Red List habitat classification > RLD - Mires and bogs > RLD2.1 Oceanic valley bog

Oceanic valley bog

Quick facts

Red List habitat type code RLD2.1
Threat status
Europe Near Threatened
EU Vulnerable
Relation to
Source European Red List habitat factsheet
European Red List of habitats reports
European Red List of habitats (Excel table)


Oceanic valley bogs are essentially topogenous systems of permanently waterlogged, oligotrophic acid peats, maintained by a high ground water table seeping from impervious bedrocks or superficial deposits in low-relief landscapes of the oceanic parts of Europe, topographically completely isolated from other mire systems, though often embedded within landscapes of wet heath. The hydrological regime can be quite complex, with percolating waters sometimes channeled to a central soakway and outflow which has a more obviously soligenous character. The peat sustaining the valley bog habitat itself is usually thin, often less than 1.5m.

Although the valley mire flora may show some localised soligenous influence where water flow becomes more obvious, a poor-fen flora is typically sparse on the active surface and the usual dominants are peat-building Sphagnum species, which form a luxuriant carpet with a gentle hummock-hollow surface and bog pools in lower places. Compared with ombrogenous bogs, Eriophorum vaginatum and Scirpus cespitosus are very scarce and the usual monocotyledons are Eriophorum angustifolium and Molinia caerulea, both sometimes abundant, with Rhynchospora alba occurring around the pools. Erica tetralix and, on the gentle hummocks, Calluna vulgaris form a patchy canopy up to 3 dm tall and Myrica gale is locally abundant.

Among the associates, the most characteristic are Narthecium ossifragum, Drosera rotundifolia with, less commonly D. intermedia and D. anglica, Potentilla erecta and Vaccinium oxycoccos. Associated soakways may have vegetation resembling D2.3a Quaking mires with, for example, Menyanthes trifoliata, Potamogeton polygonifolius and Hypericum elodes or small sedges. Where valley mires occur within stretches of wet heath, grazing and burning often occur in the mire surrounds, but the high water table of healthy mires offers some protection against trespass of bigger herbivores .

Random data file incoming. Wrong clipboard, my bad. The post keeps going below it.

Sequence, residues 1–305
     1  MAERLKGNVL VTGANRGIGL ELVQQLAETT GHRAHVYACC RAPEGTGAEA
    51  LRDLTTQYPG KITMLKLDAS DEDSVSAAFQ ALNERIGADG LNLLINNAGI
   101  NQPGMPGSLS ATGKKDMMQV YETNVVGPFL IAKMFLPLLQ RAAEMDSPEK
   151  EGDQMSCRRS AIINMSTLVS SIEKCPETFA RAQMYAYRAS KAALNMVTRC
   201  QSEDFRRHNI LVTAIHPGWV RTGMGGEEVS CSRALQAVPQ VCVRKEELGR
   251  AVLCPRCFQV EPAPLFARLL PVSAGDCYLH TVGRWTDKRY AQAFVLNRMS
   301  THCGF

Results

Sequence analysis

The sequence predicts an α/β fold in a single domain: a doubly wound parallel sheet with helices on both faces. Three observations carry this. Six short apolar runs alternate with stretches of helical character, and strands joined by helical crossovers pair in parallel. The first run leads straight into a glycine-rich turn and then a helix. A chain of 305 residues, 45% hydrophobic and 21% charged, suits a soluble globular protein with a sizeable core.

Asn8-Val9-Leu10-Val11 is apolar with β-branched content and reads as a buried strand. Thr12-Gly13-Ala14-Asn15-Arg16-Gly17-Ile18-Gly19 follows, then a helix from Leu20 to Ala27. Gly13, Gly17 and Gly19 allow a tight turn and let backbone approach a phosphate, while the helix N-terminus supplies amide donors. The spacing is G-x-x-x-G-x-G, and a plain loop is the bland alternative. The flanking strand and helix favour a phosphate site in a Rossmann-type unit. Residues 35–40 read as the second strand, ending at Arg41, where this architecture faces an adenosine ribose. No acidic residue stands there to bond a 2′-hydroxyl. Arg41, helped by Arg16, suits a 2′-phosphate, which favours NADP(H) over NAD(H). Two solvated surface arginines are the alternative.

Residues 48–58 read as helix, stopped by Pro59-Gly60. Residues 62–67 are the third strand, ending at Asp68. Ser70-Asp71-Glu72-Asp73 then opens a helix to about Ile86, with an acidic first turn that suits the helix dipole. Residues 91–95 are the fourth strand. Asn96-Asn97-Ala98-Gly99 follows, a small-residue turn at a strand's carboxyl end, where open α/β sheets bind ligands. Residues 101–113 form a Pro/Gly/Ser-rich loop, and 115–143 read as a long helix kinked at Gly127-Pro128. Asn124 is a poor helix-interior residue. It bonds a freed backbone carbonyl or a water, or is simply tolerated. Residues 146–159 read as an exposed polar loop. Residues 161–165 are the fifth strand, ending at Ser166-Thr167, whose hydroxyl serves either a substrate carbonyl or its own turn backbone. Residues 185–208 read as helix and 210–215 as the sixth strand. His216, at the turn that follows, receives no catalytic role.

Indicators of good quality:

  • Water-table close to surface with wetter depressions and open pools.

  • Absence of man-made ditches or gullies

  • No patterns of erosion and drying

  • (Relatively high) species richness (in flora and fauna)

  • No indicators of ground-water eutrophication.

Characteristic species
For full habitat description, please download the habitat factsheet.

Threat status

Synthesis of Red List assessment

Although the calculation for A1 reduction in extent over recent past time gives a range which extends into the Endangered (EN) category, the fragmentary nature of the data makes an assessment of Vulnerable (VU) for the EU28 the more reliable conclusion. For the EU28+ the habitat is Near Threatened (NT), because of degradation of quality, with values close to the thresholds for Vulnerable.
Red List Category Red List Criteria
Vulnerable A1
Red List Category Red List Criteria
Near Threatened C/D1

Confidence in the assessment

Red List of habitat categories and criteria descriptions

Pressures and threats

  • Agriculture
    • Modification of cultivation practices